A recent effort to combat bias in home appraisals (how a home is valued by a professional appraiser, typically for mortgage consideration) was also announced by President Biden on June 1, 2021. The interagency initiative has become the Task Force on Property Appraisal and Valuation Equity (PAVE) and is made up of thirteen federal agencies, including the White House Domestic Policy Council. Given two directives, the Task Force is “evaluating the causes, extent, and consequences of appraisal bias and establishing a transformative set of recommendations for rooting out racial and ethnic bias in home valuations.”
Are geographic information systems (GIS) used in the valuation process?
Assessors strive to deliver fair, equitable, and uniform values. GIS plays a key role in the valuation process by way of transparency. Not just transparency in the resultant valuation, but transparency in the process, models, and data used. Many jurisdictions openly share this data with the public so additional analysis can be done, and the data can be used for other purposes. Note that the parcel map is the most requested data in local government.
We have all heard “location, location, location” when discussing the important parameters in real estate value. GIS technology leverages location for analysis. GIS has hundreds of spatial analytical tools to perform statistical analysis for determining value.
GIS is also used by several state departments of revenue to help with modernizing equitable oversight operations including South Dakota, New Mexico, Vermont, and New Hampshire. GIS delivers maps and analyses that detail the equalization process and how state revenues are distributed to local jurisdictions. They are setting a great example of how to leverage GIS for equity in land records. GIS is paramount to understanding equity in state disbursements.
Are data besides the property characteristics used in valuation such as census or demographic information?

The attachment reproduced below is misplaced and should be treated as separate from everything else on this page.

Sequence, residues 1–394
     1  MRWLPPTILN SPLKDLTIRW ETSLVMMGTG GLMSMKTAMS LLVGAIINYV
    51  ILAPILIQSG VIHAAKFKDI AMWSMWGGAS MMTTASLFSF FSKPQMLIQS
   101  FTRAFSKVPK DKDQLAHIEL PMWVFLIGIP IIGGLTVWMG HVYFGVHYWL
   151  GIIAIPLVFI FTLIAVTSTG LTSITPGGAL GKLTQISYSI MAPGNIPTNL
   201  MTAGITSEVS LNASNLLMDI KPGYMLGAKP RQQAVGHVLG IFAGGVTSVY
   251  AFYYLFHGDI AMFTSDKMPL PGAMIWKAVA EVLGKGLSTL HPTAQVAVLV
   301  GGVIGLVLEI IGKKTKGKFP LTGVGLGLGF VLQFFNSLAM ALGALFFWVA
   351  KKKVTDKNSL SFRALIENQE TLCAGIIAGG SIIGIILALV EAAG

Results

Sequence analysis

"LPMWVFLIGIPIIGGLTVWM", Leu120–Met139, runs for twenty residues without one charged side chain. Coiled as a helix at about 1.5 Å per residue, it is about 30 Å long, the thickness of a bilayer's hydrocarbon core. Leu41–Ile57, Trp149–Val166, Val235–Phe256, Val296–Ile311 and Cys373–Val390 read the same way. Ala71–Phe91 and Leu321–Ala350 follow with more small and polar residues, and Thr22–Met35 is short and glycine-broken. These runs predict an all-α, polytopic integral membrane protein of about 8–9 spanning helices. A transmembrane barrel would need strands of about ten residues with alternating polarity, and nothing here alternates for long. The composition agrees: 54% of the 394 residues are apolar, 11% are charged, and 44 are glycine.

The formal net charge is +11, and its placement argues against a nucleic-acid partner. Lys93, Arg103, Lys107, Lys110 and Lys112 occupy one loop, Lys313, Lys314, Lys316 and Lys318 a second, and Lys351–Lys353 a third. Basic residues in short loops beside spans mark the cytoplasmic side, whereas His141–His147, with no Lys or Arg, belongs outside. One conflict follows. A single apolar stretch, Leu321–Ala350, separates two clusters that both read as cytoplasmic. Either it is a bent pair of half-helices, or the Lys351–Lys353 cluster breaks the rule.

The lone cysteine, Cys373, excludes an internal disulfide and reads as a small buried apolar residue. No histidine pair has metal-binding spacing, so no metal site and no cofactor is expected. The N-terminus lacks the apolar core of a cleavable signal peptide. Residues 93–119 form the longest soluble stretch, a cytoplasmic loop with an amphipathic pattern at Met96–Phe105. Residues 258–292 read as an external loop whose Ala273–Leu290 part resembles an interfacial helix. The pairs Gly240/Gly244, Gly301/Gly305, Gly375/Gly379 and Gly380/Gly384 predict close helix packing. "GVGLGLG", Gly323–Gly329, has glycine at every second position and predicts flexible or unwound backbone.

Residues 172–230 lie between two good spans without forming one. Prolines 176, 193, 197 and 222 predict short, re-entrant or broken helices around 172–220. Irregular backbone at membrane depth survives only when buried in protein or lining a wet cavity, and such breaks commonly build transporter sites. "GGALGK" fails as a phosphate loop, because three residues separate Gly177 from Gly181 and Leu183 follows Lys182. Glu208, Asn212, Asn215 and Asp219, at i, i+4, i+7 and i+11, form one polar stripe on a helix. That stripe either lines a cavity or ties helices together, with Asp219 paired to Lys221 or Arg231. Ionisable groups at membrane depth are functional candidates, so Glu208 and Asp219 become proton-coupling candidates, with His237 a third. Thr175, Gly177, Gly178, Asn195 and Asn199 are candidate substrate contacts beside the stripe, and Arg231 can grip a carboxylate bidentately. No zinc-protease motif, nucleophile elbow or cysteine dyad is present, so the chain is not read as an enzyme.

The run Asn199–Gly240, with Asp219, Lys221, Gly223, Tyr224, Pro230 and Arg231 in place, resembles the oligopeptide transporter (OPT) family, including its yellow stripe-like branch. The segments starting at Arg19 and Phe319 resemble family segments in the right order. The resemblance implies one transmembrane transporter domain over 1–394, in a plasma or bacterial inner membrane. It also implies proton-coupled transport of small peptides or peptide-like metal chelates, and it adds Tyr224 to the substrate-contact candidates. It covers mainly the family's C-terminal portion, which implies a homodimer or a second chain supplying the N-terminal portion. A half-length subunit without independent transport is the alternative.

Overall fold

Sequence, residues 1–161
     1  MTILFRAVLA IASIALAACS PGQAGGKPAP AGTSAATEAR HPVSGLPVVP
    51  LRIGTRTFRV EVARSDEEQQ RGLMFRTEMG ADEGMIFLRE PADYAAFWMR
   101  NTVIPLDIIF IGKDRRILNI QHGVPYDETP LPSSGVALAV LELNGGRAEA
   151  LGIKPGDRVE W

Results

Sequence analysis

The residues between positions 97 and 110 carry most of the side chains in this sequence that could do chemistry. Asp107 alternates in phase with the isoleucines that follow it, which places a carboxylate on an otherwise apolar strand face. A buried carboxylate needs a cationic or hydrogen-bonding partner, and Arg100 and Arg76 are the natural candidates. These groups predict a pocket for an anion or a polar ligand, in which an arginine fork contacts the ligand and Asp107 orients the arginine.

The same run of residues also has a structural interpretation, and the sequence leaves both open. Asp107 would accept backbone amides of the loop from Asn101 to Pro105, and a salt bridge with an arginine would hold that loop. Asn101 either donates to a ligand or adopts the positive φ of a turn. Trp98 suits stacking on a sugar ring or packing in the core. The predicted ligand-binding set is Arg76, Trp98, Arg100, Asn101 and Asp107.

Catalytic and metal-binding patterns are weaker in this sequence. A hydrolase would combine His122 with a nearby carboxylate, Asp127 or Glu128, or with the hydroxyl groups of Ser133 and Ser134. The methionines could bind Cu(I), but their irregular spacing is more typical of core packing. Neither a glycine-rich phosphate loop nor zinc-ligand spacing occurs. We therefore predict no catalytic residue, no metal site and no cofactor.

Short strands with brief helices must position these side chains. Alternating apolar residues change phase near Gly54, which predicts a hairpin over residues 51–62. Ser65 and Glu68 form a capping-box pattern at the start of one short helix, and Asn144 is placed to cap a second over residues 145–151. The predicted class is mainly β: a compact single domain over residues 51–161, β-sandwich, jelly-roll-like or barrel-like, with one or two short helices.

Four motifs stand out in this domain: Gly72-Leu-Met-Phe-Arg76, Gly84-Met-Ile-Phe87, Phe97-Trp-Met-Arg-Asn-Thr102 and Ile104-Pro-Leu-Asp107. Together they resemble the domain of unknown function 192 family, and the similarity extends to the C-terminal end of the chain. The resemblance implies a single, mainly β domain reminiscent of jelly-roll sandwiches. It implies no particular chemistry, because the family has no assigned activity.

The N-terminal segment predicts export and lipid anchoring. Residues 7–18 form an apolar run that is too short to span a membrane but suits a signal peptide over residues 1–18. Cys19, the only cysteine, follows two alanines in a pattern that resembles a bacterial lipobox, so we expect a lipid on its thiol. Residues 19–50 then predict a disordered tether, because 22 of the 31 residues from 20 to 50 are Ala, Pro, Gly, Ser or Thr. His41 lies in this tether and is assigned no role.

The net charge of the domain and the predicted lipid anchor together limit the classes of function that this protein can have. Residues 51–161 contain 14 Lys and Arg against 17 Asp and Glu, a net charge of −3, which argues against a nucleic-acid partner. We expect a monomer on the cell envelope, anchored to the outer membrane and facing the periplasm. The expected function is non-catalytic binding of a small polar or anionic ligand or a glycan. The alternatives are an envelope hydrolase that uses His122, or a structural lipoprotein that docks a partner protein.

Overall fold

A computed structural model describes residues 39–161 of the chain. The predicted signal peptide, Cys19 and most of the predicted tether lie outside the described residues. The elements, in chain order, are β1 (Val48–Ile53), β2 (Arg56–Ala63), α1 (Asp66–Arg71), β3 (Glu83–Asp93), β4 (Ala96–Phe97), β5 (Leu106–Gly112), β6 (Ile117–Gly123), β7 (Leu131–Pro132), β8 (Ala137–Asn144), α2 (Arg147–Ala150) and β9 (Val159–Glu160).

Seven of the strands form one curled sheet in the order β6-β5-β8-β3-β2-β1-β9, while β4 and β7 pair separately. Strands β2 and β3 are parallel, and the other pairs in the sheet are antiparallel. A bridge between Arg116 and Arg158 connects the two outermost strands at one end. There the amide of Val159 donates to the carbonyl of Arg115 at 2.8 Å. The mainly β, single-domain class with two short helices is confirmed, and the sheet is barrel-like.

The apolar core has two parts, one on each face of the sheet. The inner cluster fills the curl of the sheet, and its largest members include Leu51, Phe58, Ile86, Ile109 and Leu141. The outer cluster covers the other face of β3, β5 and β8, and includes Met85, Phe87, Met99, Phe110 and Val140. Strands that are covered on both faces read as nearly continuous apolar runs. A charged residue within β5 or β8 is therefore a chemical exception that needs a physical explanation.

Assessors do not use demographic or census information when valuing real estate. However, these data sets are valuable for understanding outcomes to help understand if there is any inherent bias in the data and analyze the outcomes. Mapping and visualizing this data help assessors understand if their models are performing well and if the data used needs to be evaluated for currency and accuracy.
Can you expand on transparency and how GIS helps?
Transparency and public engagement are evolving with technology. In the past, open access to paper records and paper maps was considered a transparent assessor’s office. Now, complete information regarding all property characteristics, recent sales information, and maps, all available on mobile devices is expected. Taxpayers want instantaneous access to current, accurate data at all times.
Maps help communicate complex information. Property taxes are linked to a parcel and parcel maps are the logical format to deliver information. Information about values, trends, and year-to-year changes are all easily communicated with maps, and with GIS, making and sharing maps online and on apps is easy.
It is challenging to deliver all the data and information assessors produce in a way that is easy to understand. Esri developed the Equitable Property Value (EPV) solution to assist with this. It is designed to share authoritative property information, inform taxpayers, and collect feedback. It provides 24/7 access to answer common property and tax distribution questions to increase public trust and streamline the assessment appeals process. This approach helps stakeholders make well-informed property and development decisions. It delivers a set of capabilities that helps communicate parcel, property sales, and floodplain information as well as solicit assessment appeals from property owners to improve customer service and promote fair, equitable, and uniform property values.
This transparency is critical to ensuring equitable assessment.
Enhancing Equity within Land Records
Through Linda’s responses we learned that despite historical prejudices within land records equity is achieved today within the industry. GIS technology allows for these professionals to increase transparency and allow the public real-time access to land assessments ensuring that potential biases do not remain unnoticed. I would like to encourage you all to visit Esri’s equity strategic plan to learn how you can get started today, in building a more equitable world.